How “Green” is your Christmas Tree?

By admin
November 15, 2013

Few traditions are more important to seasonal family celebrations than the selection and decoration of the Christmas tree. So entrenched are these annual rituals that for some couples considering marriage, the question of “what kind of tree will we have, live or artificial,” ranks almost as highly as, “do you want children,” or “do you prefer cats or dogs.”

For individuals who want to hold with tradition, but who are also concerned about making choices that are healthy for the environment, there are thoughtful options that meet both sides of the equation.

Choose a live tree. According to many environmentalists, the “greenest” option is the living, plantable tree with a burlap-covered root ball. There are a few things you should know to determine if this is the right choice for your family. First, since your tree will be planted outdoors after the holidays, you should do your homework and find out what type of tree is best suited to your geographic location. Consider the size the tree may reach in maturity and whether you have a place in your landscape that will accommodate it. Also, it is advisable to choose a species that will thrive in the type of soil and the average level of rainfall in your area.

Be prepared. Because the tree still has its roots surrounded by soil encased in burlap, it will be considerably heavier than a cut tree. The live tree will require some special maintenance while it is in your home. Make sure you receive detailed instructions from your garden center, tree lot or Christmas tree farm, so you can keep your tree healthy before and after it is planted. Choose an indoor location away from heat sources and air vents to keep your tree from drying out. Some professionals suggest you “harden” your tree by placing it in an unheated area, such as an enclosed porch, before taking it outdoors for planting to avoid exposing it too quickly to drastic changes in temperature.

Decorate an outdoor tree. Probably the least expensive option, decorating an outdoor tree, saves the cost of purchasing a tree, which can be used on gifts instead. Make sure you use lights and extension cords that are rated for outdoor use and that electric cords are not placed across walkways or other areas where they can pose a safety hazard. If you have pets that are predisposed to chewing on whatever is in their reach, consider battery operated string lights.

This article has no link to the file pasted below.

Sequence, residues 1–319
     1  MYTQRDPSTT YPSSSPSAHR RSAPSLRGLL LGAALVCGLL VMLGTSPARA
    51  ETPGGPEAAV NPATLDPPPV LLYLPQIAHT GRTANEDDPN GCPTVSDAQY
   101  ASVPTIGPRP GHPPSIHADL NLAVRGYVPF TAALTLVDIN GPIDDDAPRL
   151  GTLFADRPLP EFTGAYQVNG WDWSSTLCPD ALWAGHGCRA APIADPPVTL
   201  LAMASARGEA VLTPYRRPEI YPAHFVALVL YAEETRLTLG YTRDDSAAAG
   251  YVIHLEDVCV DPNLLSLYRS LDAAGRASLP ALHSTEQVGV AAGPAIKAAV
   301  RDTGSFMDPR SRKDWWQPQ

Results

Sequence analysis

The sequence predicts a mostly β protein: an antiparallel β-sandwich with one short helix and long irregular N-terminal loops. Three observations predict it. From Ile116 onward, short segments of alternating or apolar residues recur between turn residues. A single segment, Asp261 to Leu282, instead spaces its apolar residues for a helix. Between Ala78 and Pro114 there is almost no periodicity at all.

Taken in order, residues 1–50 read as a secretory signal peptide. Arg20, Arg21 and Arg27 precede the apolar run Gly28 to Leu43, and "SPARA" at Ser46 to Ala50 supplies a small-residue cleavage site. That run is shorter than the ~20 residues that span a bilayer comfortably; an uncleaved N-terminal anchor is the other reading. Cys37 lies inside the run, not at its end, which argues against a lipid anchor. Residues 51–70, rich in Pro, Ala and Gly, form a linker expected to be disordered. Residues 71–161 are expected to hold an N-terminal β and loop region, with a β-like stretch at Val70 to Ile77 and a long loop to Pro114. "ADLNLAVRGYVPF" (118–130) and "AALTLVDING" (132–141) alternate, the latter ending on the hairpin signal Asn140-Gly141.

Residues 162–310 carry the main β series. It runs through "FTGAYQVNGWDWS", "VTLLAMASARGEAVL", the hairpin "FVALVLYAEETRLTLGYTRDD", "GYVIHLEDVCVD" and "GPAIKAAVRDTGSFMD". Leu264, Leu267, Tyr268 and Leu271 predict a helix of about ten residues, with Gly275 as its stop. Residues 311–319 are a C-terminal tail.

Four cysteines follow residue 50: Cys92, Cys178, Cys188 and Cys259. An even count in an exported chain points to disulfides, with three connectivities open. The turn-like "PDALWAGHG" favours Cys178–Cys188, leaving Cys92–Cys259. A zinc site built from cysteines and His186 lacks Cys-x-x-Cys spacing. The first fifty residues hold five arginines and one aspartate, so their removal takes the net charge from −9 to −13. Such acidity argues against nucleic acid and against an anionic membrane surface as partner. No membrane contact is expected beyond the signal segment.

Select a tree from a local tree farm. While most Christmas trees are now grown on established farms so deforestation isn’t an issue, many of these trees use pesticides, and still must be shipped, often from long distances requiring fuel, significantly increasing their carbon footprint. The “greener” option is to choose a tree from a local, sustainable or organic tree farm.

By buying locally, you’ll cut down on CO2 emissions. And supporting sustainable and organic farms helps prevent environmental degradation from herbicides and pesticides on big conventional operations. It is also beneficial to your local economy. To find a Christmas tree farm in your area visit, which provides a list of tree providers across the country, some of which will allow you to cut your own tree.

Keep your cut tree fresh during the holidays by watering daily or as needed. A healthy fresh tree can “drink” several cups of water a day, especially if your indoor air is warm and has low humidity. When it’s time to take down your tree, don’t let it meet a tragic and wasteful fate taking up space in a landfill. Check for resources in your local community where Christmas trees can be converted to mulch or compost. If you have wooded or natural areas on your property, your tree can find a new home as shelter for small creatures such as rabbits, and birds.

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